Collection Online
Writing cabinet

Writing cabinet
(Secrétaire à abattant)
(c. 1780)

Kingwood, Tulipwood, Satinwood, wood, gilt-bronze (ormolu), marble, leather, steel, brass
(a-i) 138.4 × 84.2 × 37.5 cm (overall) (closed)
Place/s of Execution
(a) stamped (vertically) in rear u.r.: I DUBOIS
stamped (vertically) in rear c.r.: I DUBOIS
stamped in rear c.r.: JME (monogram)
Accession Number
International Decorative Arts
Credit Line
National Gallery of Victoria, Melbourne
Felton Bequest, 1948
This digital record has been made available on NGV Collection Online through the generous support of Digitisation Champion Ms Carol Grigor through Metal Manufactures Limited
Gallery location
Not on display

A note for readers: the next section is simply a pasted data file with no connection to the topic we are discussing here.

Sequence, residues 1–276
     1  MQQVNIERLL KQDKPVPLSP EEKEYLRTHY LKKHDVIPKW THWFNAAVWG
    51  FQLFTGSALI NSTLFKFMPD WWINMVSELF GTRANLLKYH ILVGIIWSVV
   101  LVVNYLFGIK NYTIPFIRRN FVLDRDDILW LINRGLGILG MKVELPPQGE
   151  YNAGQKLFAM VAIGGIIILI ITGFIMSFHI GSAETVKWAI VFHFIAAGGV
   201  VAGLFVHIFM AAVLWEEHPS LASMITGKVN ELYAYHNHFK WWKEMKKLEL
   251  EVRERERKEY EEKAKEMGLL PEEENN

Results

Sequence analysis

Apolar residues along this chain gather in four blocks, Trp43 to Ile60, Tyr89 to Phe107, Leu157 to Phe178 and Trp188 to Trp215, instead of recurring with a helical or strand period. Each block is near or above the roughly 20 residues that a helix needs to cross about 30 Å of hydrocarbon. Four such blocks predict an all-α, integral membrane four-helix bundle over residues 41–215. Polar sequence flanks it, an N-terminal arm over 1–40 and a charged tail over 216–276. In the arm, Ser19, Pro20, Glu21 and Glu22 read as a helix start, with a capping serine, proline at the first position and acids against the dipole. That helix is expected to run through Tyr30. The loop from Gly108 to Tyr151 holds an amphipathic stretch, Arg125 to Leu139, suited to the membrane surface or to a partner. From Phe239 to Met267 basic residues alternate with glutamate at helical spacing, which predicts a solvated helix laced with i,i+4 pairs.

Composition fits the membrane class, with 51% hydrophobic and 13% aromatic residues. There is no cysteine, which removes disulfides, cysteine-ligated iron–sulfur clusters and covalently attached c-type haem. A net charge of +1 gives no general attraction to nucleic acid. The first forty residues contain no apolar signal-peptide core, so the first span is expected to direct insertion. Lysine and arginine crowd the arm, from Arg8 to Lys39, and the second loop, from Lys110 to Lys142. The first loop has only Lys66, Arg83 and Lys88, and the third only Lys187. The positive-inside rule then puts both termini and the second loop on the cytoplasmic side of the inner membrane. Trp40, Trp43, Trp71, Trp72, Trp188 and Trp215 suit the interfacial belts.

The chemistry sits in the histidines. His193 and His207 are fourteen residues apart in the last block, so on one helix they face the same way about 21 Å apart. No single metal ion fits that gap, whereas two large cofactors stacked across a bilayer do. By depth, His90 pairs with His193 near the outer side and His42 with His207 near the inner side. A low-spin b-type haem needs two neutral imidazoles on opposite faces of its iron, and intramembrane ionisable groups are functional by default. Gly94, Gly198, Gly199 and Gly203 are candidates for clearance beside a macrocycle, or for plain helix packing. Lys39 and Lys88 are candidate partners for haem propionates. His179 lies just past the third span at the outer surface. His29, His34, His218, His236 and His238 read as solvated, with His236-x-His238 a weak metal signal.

A secretaire like this, from one of the greatest periods of European furniture history, is the eighteenth-century equivalent of the laptop. A secretaire was a very personal piece of furniture. Unlike a desk of the period, where the writing surface was open and visible to all, the secretaire was locked up when not in use, the writing surface folded away. One kept personal correspondence, important documents and other valuables like jewellery and money hidden away in the cabinet under lock and key (this example has a strong box built into the lower part of the cabinet). The secretaire thus, like a modern laptop, kept in one secure spot (lock and key are the password) personal communications and private information, but in a form that everyone recognised: you know the information is there, but you can only access it if you have the key/password. These pieces of furniture mark an important moment in the history of privacy and the development in the eighteenth century of the distinction between private and public life.